Studies of neutrino spectra and signals from dark matter annihilations generally concentrate on 2body final states – see, for instance, Cirelli et al. (2005); Blennow et al. (2008). However, there are cases in which 3body final states may contribute significantly to neutrino signals in spite of the phase space suppression they suffer relative to 2body final states. For example, if the dark matter mass is just below the energy required to open up annihilation to a new 2body final state, the rate of annihilation to a corresponding 3body final state can be sizable. This has been studied previously in the Minimal Supersymmetric Standard Model (MSSM) for dark matter annihilation to and Chen and Kamionkowski (1998). Another example arises wherein spin1 electroweak boson emission is capable of lifting helicity suppression in certain processes, which can lead to sizable branching ratios for dark matter annihilation to 3body final states consisting of the two original finalstate particles and an additional spin1 boson Bergstrom (1989); Bringmann et al. (2008); Ciafaloni et al. (2011a, b). Furthermore, the neutrinos produced by these 3body final states can be more energetic than those from the dominant 2body channels, enhancing the importance of 3body final states.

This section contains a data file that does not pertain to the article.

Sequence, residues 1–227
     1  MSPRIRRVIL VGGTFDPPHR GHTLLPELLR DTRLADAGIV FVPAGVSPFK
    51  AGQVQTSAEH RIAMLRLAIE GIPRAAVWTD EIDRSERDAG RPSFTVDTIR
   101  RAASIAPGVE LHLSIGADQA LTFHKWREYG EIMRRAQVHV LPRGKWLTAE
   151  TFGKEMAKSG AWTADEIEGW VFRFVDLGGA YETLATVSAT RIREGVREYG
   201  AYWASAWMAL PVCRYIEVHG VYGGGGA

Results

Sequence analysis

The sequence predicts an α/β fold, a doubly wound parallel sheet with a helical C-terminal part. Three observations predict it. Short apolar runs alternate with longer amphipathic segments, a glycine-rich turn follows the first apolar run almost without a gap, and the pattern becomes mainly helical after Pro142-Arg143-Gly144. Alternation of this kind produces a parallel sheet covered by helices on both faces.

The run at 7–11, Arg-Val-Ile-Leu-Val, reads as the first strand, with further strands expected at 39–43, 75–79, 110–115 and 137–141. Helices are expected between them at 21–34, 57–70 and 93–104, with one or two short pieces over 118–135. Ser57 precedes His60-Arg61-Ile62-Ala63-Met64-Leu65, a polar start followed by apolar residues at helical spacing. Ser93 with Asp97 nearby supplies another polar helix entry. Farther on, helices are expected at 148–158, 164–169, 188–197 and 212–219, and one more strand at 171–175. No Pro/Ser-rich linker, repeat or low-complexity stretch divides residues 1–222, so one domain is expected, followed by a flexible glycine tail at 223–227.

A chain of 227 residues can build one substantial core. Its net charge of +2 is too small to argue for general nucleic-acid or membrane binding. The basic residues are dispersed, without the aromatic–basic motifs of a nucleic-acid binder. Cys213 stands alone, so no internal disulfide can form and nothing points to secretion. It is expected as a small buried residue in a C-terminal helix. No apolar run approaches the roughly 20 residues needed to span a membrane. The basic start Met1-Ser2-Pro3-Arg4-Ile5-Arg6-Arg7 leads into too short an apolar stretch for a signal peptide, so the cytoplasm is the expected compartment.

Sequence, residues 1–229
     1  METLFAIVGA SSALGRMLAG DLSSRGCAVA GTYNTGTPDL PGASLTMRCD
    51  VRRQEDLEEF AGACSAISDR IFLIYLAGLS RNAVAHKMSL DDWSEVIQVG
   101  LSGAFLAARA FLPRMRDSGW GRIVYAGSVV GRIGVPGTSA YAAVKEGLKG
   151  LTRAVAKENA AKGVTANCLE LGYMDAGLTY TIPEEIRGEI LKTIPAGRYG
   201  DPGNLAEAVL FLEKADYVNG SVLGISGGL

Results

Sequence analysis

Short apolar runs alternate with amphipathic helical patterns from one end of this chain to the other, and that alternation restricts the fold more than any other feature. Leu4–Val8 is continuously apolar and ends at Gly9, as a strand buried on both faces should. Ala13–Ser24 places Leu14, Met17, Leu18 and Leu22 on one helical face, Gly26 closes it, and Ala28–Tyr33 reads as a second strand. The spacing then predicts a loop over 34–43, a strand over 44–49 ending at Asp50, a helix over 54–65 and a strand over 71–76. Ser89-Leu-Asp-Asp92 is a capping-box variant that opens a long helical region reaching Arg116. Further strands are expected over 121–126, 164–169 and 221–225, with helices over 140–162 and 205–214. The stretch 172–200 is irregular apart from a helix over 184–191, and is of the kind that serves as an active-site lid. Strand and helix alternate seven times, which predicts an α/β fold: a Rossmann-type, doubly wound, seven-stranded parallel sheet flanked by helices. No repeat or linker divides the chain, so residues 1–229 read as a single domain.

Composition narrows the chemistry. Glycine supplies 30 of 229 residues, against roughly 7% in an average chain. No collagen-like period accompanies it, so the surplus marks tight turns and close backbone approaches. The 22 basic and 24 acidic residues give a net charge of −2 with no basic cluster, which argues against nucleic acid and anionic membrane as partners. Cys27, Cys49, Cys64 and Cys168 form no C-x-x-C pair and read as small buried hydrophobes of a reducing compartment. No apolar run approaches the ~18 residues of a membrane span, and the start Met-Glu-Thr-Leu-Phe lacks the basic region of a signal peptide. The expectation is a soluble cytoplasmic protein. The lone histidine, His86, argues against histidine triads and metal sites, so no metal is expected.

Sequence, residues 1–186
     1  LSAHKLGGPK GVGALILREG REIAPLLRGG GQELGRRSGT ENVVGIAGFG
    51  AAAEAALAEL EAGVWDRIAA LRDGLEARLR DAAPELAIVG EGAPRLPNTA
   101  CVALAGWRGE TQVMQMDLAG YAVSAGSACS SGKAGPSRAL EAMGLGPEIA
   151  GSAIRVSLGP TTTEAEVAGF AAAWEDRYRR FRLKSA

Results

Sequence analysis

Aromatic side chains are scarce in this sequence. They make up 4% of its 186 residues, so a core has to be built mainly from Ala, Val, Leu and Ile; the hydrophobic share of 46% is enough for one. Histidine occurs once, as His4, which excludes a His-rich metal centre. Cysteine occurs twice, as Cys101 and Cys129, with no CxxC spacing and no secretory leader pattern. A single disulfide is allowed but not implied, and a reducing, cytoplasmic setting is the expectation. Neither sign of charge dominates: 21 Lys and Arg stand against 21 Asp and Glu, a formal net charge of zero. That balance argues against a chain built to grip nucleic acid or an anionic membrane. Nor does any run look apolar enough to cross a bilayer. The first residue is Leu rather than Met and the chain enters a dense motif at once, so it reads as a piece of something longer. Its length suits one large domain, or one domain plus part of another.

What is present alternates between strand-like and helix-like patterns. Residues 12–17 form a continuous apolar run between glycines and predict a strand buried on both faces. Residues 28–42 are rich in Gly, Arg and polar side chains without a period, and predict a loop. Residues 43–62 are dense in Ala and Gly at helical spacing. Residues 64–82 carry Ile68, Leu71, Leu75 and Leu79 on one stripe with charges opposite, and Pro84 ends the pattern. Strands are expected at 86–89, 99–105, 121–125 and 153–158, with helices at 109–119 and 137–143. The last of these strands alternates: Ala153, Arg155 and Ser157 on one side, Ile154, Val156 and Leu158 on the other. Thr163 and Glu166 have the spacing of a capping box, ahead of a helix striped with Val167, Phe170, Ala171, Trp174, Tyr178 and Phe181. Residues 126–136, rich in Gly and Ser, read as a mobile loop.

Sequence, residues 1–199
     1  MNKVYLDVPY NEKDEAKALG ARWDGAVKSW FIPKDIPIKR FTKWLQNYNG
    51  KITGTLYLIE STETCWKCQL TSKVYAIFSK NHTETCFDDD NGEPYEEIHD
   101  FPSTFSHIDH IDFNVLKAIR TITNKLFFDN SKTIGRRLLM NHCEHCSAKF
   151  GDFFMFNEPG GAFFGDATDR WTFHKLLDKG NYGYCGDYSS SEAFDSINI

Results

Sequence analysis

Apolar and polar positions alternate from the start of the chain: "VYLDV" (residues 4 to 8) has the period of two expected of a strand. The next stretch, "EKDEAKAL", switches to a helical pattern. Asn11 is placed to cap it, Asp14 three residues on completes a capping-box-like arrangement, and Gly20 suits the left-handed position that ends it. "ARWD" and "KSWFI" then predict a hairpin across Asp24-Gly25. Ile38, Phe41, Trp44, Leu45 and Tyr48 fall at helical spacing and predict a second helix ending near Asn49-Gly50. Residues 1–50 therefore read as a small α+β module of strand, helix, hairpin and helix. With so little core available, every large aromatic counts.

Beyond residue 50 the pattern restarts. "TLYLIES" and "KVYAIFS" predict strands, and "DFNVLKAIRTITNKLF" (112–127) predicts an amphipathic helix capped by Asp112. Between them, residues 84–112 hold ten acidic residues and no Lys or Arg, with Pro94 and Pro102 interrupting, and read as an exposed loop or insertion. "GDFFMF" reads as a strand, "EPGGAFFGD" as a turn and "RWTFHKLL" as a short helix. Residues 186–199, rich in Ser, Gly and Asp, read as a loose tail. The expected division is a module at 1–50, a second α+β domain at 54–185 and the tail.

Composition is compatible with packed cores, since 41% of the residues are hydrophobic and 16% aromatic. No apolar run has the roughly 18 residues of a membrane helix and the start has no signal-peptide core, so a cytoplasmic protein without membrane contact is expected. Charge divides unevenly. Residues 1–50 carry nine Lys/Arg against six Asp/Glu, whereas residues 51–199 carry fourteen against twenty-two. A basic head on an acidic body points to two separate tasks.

In this paper, we revisit the importance of annihilation to 3body states just below 2body thresholds for weaklyinteracting dark matter. We build upon and generalize some results from Chen and Kamionkowski (1998). In section II, we discuss dark matter annihilation to . As a representative candidate for weaklyinteracting dark matter, we use the minimal model studied in ArkaniHamed et al. (2005); Mahbubani and Senatore (2006); Enberg et al. (2007); D’Eramo (2007); Cohen et al. (2011), see also Fayet (1974). In this model, the dark matter is a Majorana fermion composed of an admixture of a weak doublet and a sterile singlet. As such, it is similar to a mixed Bino–Higgsinso state of the MSSM. Not only is the “singletdoublet” model an interesting dark matter candidate in its own right, but results we obtain for dark matter annihilating to are also applicable to a range of weaklyinteracting dark matter models. These results are presented in section II.1. To highlight the potential significance of 3body final states, we assess the overall importance of annihilation to in the minimal model in section II.2. In section III, we turn our attention to , presenting general results for dark matter annihilation to via an channel vector boson. Motivated by our findings in section II.2, we reevaluate the indirect detection limits on the singletdoublet model in section IV, including the effects of subdominant annihilation channels. The revised limits are significantly stronger than those originally quoted by these authors in Cohen et al. (2011). Conclusions are presented in section V.